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Trends & Insights | Blog

Are social platforms going long?

May 16, 2024


The competition for dwindling audience attention is as fierce as ever, but a surprising new trend is emerging: Longer content. How are social platforms acting on this shift?

Ankita Bose

Content Manager

Change is a constant in the world of social media. Originally created as a space to connect easily, social platforms have evolved to wield the power to steer you on how to communicate. Who you are on social media now varies based on the platform: TikTok holds space for whoever you want to be, X (formerly Twitter) users can be aggressively opinionated, Threads is a toned-down version of X, Instagram is a happy place, Facebook helps find old connections and keep in touch with older family members, and LinkedIn accentuates professionalism.

While these platforms shape our communication styles, the trend has always been about creating and sharing bite-sized, crisp, snackable content. In other words, content that’s easy to, ahem, digest.

Today, that brief is shifting, with platforms experimenting with longer content - be it captions, articles, or videos.

Platform changes

First up is LinkedIn, which was the first platform to provide a space for users to publish long-form content beyond the 3,000-character caption limit. Today, the platform brings more opportunities for individuals and brands to publish thousands of words through its newsletters and articles.

Modelled after LinkedIn’s long-form features, this year X has introduced the option to publish longer content as part of its new offerings. In Elon Musk’s world, the idea of ‘authenticity’ means unchecked and free-flowing thoughts, which has led to the platform’s varied subscription tiers that let users write tweets up to 25,000 characters long (about 3,850 words). If that’s not enough, X has launched ‘Articles’ with an increased character count of up to 100,000 (about 15,000 words).

But it’s not just word counts that are increasing – video length on social platforms is also quietly expanding. Since TikTok’s rise, short-form video content has been king, but the platform is now pivoting to the YouTube way of longer videos. TikTok rolled out 10-minute uploads in 2022 and has since also experimented with 15-minute uploads in October 2023, and 30-minute uploads in January 2024. For influencers, TikTok has launched a separate paid tier, Series, which allows creators to make money by posting ‘Collections’ of exclusive content that can be up to 20 minutes long.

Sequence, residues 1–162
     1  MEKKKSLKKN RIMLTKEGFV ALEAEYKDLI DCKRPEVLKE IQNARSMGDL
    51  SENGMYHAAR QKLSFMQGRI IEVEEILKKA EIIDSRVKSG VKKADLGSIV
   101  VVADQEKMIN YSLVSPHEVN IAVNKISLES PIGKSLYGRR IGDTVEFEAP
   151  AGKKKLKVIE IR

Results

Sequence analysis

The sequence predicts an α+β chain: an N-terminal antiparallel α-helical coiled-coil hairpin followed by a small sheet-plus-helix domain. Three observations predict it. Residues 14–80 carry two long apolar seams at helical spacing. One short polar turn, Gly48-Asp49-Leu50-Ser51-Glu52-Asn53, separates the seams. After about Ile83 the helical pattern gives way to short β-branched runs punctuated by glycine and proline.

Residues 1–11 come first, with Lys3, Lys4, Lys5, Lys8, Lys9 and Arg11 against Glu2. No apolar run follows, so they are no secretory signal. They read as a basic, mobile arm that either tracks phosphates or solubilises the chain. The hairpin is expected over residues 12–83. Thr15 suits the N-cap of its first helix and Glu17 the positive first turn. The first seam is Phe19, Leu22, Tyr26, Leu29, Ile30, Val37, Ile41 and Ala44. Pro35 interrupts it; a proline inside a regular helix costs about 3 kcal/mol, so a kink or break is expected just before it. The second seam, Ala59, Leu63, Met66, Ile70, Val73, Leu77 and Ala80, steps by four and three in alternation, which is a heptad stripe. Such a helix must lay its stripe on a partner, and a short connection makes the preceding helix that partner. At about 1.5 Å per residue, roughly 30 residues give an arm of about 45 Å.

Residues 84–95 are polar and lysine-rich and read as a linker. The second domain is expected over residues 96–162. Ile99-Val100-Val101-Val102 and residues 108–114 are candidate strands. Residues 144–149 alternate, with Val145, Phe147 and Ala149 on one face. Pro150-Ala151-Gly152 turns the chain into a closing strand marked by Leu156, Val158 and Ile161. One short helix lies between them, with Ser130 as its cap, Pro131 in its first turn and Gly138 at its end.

In August 2023, Instagram also decided to follow TikTok’s footsteps and started experimenting with 10-minute in-app videos, an increase from three minutes.

Why the shift?

Data shows that 66% of consumers engage more with short-form content. So what exactly is making social platforms test out longer content features?

The drive for social media authenticity, for both individuals and brands reaching a wider audience, appears to be a key factor in this shift. This not only applies to individuals, but also to brands aiming to reach a wider consumer base.

Capturing authenticity means different things to each social platform. While Musk wants to transform X into a free space without guardrails or decorum, LinkedIn’s editor-in-chief, Dan Roth, has said the professional platform is focusing on maximising in-app value, and rewarding “knowledge and advice” over virality.